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Does anyone have any idea what this is on my anubias? I've wiped it off on a previous occasion but as I presumed it's back. Is it bad for plant or fish? Should I remove it? And how?

Lots of questions there
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post #48 of 80 Old 12-17-2012, 04:59 PM
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Does anyone have any idea what this is on my anubias? I've wiped it off on a previous occasion but as I presumed it's back. Is it bad for plant or fish? Should I remove it? And how?

Lots of questions there
Looks like algae or diatoms. If it easily comes off with your fingers, it is probably diatoms, often called brown algae. This is common in new tanks, but after 3 months should not return. If it does, look into the possible causes (low light, silicates in the tap water, organics).

If it does not easily come off, then it is a form of green or red algae, I always think related to brush algae. I see this but usually on plants closer to the surface (light source) and worst on filter spray bars. Light is obviously the cause. This should not be present on Anubias, which being a low light plant should not be in direct bright light. In the shade of other plants, or under floating plants,m should keep this off Anubias.

Any type of algae on plant leaves is a concern since it can increase to the point where it smothers the plant respiration and assimilation of nutrients.

Byron.

Byron Hosking, BMus, MA
Vancouver, BC, Canada

The aquarist is one who must learn the ways of the biologist, the chemist, and the veterinarian. [unknown source]

Something we all need to remember: The fish you've acquired was quite happy not being owned by you, minding its own business. If you’re going to take it under your wing then you’re responsible for it. Every aspect of its life is under your control, from water quality and temperature to swimming space. [Nathan Hill in PFK]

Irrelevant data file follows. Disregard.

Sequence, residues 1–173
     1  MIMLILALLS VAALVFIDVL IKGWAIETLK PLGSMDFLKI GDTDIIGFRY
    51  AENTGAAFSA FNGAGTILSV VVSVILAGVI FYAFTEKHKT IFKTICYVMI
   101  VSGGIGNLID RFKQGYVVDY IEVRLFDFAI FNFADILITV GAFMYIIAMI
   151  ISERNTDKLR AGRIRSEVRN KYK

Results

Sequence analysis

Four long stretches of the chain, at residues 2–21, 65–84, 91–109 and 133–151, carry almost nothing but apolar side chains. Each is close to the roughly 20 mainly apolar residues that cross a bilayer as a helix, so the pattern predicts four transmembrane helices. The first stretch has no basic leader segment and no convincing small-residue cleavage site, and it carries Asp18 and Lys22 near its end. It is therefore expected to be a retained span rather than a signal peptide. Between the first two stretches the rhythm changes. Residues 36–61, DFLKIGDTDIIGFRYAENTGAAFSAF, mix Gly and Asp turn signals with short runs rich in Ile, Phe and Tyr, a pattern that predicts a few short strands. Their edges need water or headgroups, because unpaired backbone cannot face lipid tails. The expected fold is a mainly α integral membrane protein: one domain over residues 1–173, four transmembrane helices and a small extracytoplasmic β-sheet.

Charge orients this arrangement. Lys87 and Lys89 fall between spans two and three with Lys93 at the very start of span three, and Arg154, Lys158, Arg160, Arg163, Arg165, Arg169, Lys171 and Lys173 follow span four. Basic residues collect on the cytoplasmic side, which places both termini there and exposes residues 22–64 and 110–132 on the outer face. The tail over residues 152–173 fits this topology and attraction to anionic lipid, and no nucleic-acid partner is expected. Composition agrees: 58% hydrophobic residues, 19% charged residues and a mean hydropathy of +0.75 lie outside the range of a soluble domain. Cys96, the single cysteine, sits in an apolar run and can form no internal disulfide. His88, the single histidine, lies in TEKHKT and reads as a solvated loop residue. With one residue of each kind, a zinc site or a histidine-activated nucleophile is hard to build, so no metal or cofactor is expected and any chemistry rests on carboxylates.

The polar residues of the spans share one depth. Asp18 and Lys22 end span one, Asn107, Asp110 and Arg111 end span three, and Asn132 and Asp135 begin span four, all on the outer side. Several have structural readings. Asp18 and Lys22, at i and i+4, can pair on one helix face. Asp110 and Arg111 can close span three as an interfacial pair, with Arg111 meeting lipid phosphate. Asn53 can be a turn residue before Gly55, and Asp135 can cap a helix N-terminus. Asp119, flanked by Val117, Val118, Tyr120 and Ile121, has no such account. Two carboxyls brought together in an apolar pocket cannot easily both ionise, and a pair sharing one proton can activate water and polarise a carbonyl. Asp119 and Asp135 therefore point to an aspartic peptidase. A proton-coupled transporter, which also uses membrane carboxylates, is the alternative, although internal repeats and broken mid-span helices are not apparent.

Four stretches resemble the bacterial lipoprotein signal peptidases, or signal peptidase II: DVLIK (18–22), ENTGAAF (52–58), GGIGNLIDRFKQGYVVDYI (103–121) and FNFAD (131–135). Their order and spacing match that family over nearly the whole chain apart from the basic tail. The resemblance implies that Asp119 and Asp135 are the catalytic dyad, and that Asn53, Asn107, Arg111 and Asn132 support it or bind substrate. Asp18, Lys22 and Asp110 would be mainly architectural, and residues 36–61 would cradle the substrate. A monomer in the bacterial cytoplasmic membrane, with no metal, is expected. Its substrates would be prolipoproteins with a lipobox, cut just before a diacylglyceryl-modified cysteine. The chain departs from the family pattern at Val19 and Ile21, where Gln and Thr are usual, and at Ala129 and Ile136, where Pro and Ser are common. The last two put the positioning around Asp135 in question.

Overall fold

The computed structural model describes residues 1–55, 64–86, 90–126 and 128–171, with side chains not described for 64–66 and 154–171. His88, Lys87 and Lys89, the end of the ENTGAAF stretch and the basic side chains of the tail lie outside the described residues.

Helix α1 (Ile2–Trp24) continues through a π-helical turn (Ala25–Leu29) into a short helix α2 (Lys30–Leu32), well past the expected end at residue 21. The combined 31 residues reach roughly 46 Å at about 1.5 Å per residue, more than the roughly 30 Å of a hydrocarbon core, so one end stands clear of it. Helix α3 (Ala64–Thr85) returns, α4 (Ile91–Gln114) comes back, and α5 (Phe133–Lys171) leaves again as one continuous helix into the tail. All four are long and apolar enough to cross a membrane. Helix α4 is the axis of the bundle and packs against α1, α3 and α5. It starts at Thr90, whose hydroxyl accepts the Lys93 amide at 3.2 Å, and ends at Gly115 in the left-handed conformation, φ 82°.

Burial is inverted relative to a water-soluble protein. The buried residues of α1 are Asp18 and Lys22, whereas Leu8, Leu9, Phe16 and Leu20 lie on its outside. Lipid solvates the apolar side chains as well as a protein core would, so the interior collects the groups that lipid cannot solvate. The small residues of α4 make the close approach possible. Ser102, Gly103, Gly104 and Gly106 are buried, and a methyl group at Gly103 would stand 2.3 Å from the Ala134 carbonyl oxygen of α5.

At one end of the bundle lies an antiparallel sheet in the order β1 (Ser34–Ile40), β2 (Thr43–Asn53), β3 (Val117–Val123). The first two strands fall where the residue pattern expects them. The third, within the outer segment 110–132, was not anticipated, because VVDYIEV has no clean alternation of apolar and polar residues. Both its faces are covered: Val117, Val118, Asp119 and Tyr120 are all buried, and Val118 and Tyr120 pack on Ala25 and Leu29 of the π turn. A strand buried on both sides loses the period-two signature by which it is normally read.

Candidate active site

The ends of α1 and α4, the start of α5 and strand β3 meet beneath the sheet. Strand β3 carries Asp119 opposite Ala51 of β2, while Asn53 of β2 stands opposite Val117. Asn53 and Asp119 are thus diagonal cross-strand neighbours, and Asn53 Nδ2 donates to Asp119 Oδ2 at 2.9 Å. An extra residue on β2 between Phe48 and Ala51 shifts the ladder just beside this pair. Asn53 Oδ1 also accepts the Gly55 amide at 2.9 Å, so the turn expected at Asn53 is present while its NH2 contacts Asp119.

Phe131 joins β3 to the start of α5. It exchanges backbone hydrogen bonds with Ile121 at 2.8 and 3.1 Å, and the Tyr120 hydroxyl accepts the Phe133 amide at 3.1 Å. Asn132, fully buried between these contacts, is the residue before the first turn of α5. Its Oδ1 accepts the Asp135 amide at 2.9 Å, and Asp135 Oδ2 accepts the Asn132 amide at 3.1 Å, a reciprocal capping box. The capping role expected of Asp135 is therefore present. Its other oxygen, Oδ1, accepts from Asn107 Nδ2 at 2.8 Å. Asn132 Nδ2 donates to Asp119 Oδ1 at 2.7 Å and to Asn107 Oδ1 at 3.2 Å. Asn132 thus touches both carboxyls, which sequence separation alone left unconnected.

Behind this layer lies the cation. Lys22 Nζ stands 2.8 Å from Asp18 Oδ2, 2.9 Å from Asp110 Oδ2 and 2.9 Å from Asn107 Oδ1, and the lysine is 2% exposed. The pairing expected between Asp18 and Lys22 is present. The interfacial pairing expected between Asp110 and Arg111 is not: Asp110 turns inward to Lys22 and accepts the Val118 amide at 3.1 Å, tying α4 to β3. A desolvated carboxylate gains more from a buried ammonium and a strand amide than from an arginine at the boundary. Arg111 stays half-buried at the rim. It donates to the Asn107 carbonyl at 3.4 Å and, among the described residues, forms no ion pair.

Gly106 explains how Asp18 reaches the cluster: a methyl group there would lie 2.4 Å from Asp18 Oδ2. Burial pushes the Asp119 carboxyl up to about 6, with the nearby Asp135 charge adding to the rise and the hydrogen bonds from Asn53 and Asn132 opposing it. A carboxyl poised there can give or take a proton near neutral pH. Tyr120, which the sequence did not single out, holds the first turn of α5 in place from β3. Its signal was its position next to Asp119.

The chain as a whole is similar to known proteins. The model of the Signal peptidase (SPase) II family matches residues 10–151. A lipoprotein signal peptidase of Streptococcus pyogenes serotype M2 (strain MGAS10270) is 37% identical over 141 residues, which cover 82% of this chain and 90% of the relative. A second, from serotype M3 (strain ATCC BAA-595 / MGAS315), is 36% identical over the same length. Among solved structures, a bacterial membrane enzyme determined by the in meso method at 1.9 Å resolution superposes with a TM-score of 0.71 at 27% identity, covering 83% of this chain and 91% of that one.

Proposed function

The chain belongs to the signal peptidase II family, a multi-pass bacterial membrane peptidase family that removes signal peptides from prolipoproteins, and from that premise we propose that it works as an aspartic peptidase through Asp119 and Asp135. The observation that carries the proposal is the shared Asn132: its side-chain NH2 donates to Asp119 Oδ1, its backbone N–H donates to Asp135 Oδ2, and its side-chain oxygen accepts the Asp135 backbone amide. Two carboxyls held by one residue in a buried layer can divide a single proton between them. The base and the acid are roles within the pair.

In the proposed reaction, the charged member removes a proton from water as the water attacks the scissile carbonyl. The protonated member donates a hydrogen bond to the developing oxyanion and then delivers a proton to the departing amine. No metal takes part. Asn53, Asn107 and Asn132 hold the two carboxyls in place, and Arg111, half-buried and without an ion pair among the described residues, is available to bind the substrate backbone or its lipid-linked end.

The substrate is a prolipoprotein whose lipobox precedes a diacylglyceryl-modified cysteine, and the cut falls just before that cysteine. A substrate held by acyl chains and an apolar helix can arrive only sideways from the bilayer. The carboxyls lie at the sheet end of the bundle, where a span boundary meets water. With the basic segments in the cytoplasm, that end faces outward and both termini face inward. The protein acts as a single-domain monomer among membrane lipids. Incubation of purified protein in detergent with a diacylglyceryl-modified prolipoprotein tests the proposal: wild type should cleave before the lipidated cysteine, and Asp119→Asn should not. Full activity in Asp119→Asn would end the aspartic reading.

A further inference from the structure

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post #49 of 80 Old 12-17-2012, 07:21 PM Thread Starter
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Iv just given it the quick finger wipe check and it does indeed just wipe straight off. So I'm going to hope that as this tank isn't 3 months old yet it will disappear and I'll just continue to clean the plant. Thanks.

Next question, as I'm just full of them tonight and I can't find a good answer anywhere.... when putting new water in my tank, looks very cloudy and has 'bits' in it, look like small fibres. Any ideas here?
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post #50 of 80 Old 12-17-2012, 07:54 PM
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Water taken quickly from the tap can have a cloudy appearance. Mostly it's air bubbles. The fiber thing is puzzling. Try letting the water run for a little while before adding any to your bucket or whatever. Could be some sort of residue from the pipes. Then again, and this is really reaching, maybe it's just stuff being stirred up from the bottom.